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Opinion: Rupi Kaur – An Instagram Poetry Pioneer

Natalie Harper ’20 / Emertainment Monthly Staff Writer

Rupi Kaur has been an esteemed poet since her self-published poetry collection, milk and honey, became an overnight hit when first printed in 2014. Since then, the poetry scene has been flooded with her short, rhythmic, and on-the-nose writing style. Her popularity has been widely influenced by her social media presence and her blog style of uploading a poem to her Instagram every couple of days; usually focusing on themes of love, misogyny, trauma, and sexual violence. Kaur, an icon of the John Green-esque literature scene, is able to attract huge crowds to her words, primarily young girls.

The problem is that Kaur seems to lack a certain profoundness in her art. Her poetry sounds like musings of someone on the brink of discovery, but just missing the edge of clever. The first time I read her poetry, I thought that it sounded like a sentence torn out of my sixth grade diary.

Is that the appeal though?

Her strange lack of punctuation and structure makes it read like a stream of consciousness, like these are the thoughts that her readers have been thinking for years, but have never been able to cough up. Though, it makes sense as to why it is so widely consumed, and that’s because it’s easy to read and relate to. Kaur is not challenging her readers to choke meaning out of her poetry, she bluntly tells you what message to extract from the vignette. If that’s too hard, an illustration is often included.

Her work has attracted so much negativity because many of her poetic realizations feel like very basic and premature thoughts that many people have had before. Unlike other popular artists, Kaur is not showing us anything innovative that we haven’t seen before. Similar to Jackson Pollock, there’s an attitude around Kaur of people thinking, “I can do that.”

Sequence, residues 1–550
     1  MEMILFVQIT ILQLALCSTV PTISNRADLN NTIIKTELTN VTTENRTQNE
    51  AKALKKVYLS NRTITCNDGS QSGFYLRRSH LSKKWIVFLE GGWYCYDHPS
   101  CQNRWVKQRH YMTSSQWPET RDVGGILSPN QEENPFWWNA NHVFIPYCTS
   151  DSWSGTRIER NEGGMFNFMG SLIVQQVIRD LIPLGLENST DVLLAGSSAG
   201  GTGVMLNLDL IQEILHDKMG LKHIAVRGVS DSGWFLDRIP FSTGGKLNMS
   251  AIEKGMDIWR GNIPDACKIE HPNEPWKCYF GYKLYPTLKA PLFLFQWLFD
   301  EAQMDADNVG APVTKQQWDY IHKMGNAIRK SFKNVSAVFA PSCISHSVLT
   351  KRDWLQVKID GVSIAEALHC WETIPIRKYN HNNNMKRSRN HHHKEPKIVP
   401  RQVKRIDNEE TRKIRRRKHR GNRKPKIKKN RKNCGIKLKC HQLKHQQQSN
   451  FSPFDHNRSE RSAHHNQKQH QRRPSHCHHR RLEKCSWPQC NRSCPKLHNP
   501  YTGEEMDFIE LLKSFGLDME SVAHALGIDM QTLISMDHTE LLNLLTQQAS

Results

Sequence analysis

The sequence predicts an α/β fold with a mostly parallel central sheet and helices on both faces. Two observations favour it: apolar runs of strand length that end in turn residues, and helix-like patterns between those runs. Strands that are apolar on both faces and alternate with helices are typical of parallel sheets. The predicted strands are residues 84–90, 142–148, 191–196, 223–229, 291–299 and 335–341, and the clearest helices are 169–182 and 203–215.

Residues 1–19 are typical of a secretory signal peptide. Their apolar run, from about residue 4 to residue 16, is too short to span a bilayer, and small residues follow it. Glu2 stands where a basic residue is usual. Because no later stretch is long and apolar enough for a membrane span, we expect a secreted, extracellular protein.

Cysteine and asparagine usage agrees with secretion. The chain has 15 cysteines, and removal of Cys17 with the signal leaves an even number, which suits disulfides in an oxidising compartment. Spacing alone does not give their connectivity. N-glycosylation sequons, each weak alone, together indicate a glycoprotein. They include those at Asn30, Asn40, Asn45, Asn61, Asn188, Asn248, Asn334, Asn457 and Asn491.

yes

it is possible

to hate and love

someone

at the same time

i do it to myself

everyday

-rupi kaur

Rupi Kaur
Photo Credit: Amazon

It feels like nothing new is being presented with her work. The problem is that Kaur is not encouraging the reader to think about something deeper, something more concrete. She’s rather just telling people that it’s okay to have those feelings because she shares the same simple range of human emotions.

Her poetry has gotten a lot of flack online for being simple, uninspired, and possibly the work of plagiarism. Kaur’s stylistic minimalism has been put on the chopping block by fellow poet Nayyirah Waheed, who accused Kaur of plagiarism in a Tumblr post. Waheed has since then deleted the post and Kaur has said publicly that she uses Waheed and other artists as an inspiration for her poetry.

Part of the reason that Rupi Kaur seems like such an easy target is because her primary audience is teenage girls. Young girls will be mocked for any media they consume, partially because of sexism and partially because we write off teens in the media. Now imagine tossing these girls into a world of literary elitism and it seems like putting a bloody corpse in shark-infested waters. Kaur is a great platform for emerging readers. She’s encouraging girls everywhere to start reading again, even if it may be on a phone. Poetry sales have had record-breaking years since Kaur took off. Libraries are having more traffic, and Kaur has encouraged her fan base to think that being a nerd is cool.

Kaur has been especially notable for encouraging women to accept the hardships that they have been handed because of sexism and show them that they are entitled to strong voices as well. Kaur has used her new vessel of fame to speak about how important female empowerment is and showing her fans, primarily girls of color, that anybody is able to stay on the New York Times Bestsellers List for over a year. Still, Kaur has been criticized for being vague in her discussions of race and ethnicity to appeal to her overpowering white fan base. Kaur is in a tough position of trying to remain marketable to white readers while still trying to get a political agenda across. Since she is a woman of color, the Western media will never be satisfied with what she has to say.

It is easy to write Kaur off as an uninspired and fraudulent artist just trying to make a quick buck off the previously uncharted market of young girls’ insecurities. Although I would never say that I like her poetry or I feel inspired after reading it, it’s important to remember that Rupi Kaur is helping a new generation get into the cold and unfriendly world of art dominated by white men. You don’t have to like her to acknowledge that she’s helping some people become more in touch with their feelings and identities. Considering that girls are so often mocked and chastised for their interests and passions, I’m happy to accept that there’s a new celebrity in the world of young literature.

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